Scalable passive sleep monitoring using mobile phones: Opportunities and obstacles

Sohrab Saeb*, Thaddeus R. Cybulski, Stephen M. Schueller, Konrad P. Kording, David C. Mohr

*Corresponding author for this work

Research output: Contribution to journalArticlepeer-review

30 Scopus citations


Background: Sleep is a critical aspect of people's well-being and as such assessing sleep is an important indicator of a person's health. Traditional methods of sleep assessment are either time- and resource-intensive or suffer from self-reporting biases. Recently, researchers have started to use mobile phones to passively assess sleep in individuals' daily lives. However, this work remains in its early stages, having only examined relatively small and homogeneous populations in carefully controlled contexts. Thus, it remains an open question as to how well mobile device-based sleep monitoring generalizes to larger populations in typical use cases. Objective: The aim of this study was to assess the ability of machine learning algorithms to detect the sleep start and end times for the main sleep period in a 24-h cycle using mobile devices in a diverse sample. Methods: We collected mobile phone sensor data as well as daily self-reported sleep start and end times from 208 individuals (171 females; 37 males), diverse in age (18-66 years; mean 39.3), education, and employment status, across the United States over 6 weeks. Sensor data consisted of geographic location, motion, light, sound, and in-phone activities. No specific instructions were given to the participants regarding phone placement. We used random forest classifiers to develop both personalized and global predictors of sleep state from the phone sensor data. Results: Using all available sensor features, the average accuracy of classifying whether a 10-min segment was reported as sleep was 88.8%. This is somewhat better than using the time of day alone, which gives an average accuracy of 86.9%. The accuracy of the model considerably varied across the participants, ranging from 65.1% to 97.3%. We found that low accuracy in some participants was due to two main factors: missing sensor data and misreports. After correcting for these, the average accuracy increased to 91.8%, corresponding to an average median absolute deviation (MAD) of 38 min for sleep start time detection and 36 min for sleep end time. These numbers are close to the range reported by previous research in more controlled situations. Conclusions: We find that mobile phones provide adequate sleep monitoring in typical use cases, and that our methods generalize well to a broader population than has previously been studied. However, we also observe several types of data artifacts when collecting data in uncontrolled settings. Some of these can be resolved through corrections, but others likely impose a ceiling on the accuracy of sleep prediction for certain subjects. Future research will need to focus more on the understanding of people's behavior in their natural settings in order to develop sleep monitoring tools that work reliably in all cases for all people.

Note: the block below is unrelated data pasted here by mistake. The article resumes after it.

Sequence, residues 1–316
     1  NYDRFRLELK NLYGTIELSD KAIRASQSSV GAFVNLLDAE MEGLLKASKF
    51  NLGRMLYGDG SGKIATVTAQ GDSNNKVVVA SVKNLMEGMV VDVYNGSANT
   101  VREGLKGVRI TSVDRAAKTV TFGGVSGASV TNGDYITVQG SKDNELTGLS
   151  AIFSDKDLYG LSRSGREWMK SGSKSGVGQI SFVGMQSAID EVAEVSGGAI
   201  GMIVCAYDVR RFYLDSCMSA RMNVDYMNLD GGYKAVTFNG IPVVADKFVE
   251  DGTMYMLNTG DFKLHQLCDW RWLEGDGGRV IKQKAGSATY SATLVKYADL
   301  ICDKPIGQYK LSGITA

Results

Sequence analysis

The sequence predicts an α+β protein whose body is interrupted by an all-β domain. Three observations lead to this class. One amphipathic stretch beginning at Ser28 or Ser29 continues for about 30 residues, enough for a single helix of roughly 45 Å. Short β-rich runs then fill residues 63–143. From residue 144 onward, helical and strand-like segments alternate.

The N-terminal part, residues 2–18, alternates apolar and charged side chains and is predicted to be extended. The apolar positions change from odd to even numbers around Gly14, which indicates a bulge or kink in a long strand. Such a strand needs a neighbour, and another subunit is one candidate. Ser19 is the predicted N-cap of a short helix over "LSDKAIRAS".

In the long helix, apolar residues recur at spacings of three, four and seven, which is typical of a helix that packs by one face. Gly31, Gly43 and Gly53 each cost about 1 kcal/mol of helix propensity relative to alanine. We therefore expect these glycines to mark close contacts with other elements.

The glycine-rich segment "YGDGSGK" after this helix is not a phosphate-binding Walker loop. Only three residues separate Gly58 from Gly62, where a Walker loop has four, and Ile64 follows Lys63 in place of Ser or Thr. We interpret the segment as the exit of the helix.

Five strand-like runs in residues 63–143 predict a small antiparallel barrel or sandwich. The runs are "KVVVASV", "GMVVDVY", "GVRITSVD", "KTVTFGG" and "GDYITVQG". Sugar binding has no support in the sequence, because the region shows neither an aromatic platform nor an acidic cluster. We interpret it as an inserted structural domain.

Original languageEnglish (US)
Article numbere118
JournalJournal of medical Internet research
Issue number4
StatePublished - Apr 2017


  • Classification
  • Decision trees
  • Mobile phones
  • Sleep monitoring

ASJC Scopus subject areas

  • Health Informatics


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